A successful satellite mission is predicted upon the proper maintenance of the spacecraft's orbit and attitude. One requirement for planning and predicting the orbit and attitude is the accurate estimation of the propellant remaining onboard the spacecraft. Focuss is on the three methods that were developed for calculating the propellant budget: the errors associated with each method and the uncertainties in the variables required to determine the propellant remaining that contribute to these errors. Based on these findings, a strategy is developed for improved propellant-remaining estimation. The first method is based on Boyle's law, which related the values of pressure, volume, and temperature (PVT) of an ideal gas. The PVT method is used for the monopropellant and the bipropellant engines. The second method is based on the engine performance tests, which provide data that relate thrust and specific impulse associated with a propellant tank to that tank's pressure. Two curves representing thrust and specific impulse as functions of pressure are then generated using a polynomial fit on the engine performance data. The third method involves a computer simulation of the propellant system. The propellant flow is modeled by creating a conceptual model of the propulsion system configuration, taking into account such factors as the propellant and pressurant tank characteristics, thruster functionality, and piping layout. Finally, a thrust calibration technique is presented that uses differential correction with the computer simulation method of propellant-remaining modeling. Thrust calibration provides a better assessment of thruster performance and therefore enables a more accurate estimation of propellant consumed during a given maneuver.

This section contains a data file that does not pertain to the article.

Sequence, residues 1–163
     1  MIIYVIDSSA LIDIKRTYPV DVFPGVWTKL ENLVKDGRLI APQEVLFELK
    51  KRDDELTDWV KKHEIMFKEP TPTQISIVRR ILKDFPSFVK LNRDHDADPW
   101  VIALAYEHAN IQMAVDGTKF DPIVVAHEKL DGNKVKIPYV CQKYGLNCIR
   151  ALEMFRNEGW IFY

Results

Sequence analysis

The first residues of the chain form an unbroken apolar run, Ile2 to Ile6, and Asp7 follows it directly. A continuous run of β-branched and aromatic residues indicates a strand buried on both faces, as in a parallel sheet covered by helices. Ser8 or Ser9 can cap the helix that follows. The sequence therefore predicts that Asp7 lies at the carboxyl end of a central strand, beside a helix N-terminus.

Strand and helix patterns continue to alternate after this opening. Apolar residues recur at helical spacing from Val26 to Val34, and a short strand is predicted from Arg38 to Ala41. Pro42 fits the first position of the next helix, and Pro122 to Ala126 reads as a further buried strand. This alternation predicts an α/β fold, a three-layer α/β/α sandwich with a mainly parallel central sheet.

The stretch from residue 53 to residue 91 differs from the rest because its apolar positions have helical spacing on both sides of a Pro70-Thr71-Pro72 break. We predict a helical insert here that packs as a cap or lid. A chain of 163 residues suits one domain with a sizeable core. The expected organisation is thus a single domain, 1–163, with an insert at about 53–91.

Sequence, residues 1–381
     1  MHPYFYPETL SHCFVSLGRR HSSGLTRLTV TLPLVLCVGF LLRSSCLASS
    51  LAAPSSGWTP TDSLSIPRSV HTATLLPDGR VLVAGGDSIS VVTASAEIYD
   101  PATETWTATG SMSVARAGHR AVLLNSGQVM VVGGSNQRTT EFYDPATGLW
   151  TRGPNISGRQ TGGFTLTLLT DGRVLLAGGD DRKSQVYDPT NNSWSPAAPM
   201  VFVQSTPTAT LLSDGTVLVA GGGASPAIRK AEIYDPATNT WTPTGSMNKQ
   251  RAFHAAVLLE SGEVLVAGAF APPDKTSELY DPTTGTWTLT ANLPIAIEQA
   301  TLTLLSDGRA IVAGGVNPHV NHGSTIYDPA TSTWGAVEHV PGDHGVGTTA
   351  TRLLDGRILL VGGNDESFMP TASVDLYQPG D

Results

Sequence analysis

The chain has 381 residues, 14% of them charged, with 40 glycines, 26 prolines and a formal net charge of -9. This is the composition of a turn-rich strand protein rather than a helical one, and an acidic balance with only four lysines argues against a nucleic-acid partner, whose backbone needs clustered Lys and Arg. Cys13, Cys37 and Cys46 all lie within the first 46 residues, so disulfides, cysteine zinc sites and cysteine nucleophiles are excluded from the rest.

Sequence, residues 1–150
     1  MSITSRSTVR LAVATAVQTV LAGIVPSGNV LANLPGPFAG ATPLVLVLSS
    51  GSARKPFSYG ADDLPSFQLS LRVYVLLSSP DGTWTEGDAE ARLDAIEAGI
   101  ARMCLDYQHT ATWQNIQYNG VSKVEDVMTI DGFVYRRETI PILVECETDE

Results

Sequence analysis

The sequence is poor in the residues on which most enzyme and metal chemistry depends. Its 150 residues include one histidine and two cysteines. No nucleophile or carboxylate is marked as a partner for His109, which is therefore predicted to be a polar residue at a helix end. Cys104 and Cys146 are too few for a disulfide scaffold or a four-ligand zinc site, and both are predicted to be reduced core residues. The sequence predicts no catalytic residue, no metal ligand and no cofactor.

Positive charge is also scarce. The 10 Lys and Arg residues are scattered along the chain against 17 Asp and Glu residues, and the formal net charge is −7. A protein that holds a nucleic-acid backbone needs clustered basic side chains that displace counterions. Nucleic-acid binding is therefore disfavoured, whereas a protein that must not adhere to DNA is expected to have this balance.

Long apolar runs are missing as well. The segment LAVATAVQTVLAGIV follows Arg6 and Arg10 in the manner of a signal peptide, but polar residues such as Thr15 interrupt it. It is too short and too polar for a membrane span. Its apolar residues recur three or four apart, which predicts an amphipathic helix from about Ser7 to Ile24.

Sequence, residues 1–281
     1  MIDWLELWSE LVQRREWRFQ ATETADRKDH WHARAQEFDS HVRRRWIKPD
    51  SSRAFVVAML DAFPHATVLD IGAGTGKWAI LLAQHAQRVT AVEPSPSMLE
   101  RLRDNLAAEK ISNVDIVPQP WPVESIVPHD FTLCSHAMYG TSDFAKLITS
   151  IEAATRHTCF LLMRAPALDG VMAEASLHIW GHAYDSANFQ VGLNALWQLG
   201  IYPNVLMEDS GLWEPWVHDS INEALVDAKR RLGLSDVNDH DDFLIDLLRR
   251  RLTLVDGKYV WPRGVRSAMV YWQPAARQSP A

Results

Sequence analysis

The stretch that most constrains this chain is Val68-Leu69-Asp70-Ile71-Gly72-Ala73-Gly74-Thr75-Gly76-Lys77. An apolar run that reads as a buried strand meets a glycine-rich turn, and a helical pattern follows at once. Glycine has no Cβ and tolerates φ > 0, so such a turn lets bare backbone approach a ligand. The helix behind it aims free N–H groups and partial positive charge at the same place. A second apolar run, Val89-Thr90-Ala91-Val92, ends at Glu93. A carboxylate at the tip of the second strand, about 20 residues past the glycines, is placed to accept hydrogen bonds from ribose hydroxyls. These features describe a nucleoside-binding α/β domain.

13. 32. Photocopy of drawing (Location of original unknown) Architect unknown, ...

    Library of Congress Historic Buildings Survey, Historic Engineering Record, Historic Landscapes Survey

    32. Photocopy of drawing (Location of original unknown) Architect unknown, Date unknown STEEL WORK DETAILS, WEST END OF BANKING ROOM, STAIR LANDINGS - Anglo & London Paris National Bank, One Sansome Street, San Francisco, San Francisco County, CA

  14. 7. Photocopy of photograph (Location of original unknown) Photographer unknown, ...

    Library of Congress Historic Buildings Survey, Historic Engineering Record, Historic Landscapes Survey

    7. Photocopy of photograph (Location of original unknown) Photographer unknown, Date unknown VIEW FROM RAILROAD TRACKS LOOKING NORTHWEST - Omaha Quartermaster Depot Historic District, Twenty-second & Woolworth Streets, Omaha, Douglas County, NE

  15. Acquired hemophilia a: diagnosis, aetiology, clinical spectrum and treatment options.

    PubMed

    Shetty, Shrimati; Bhave, Manali; Ghosh, Kanjaksha

    2011-04-01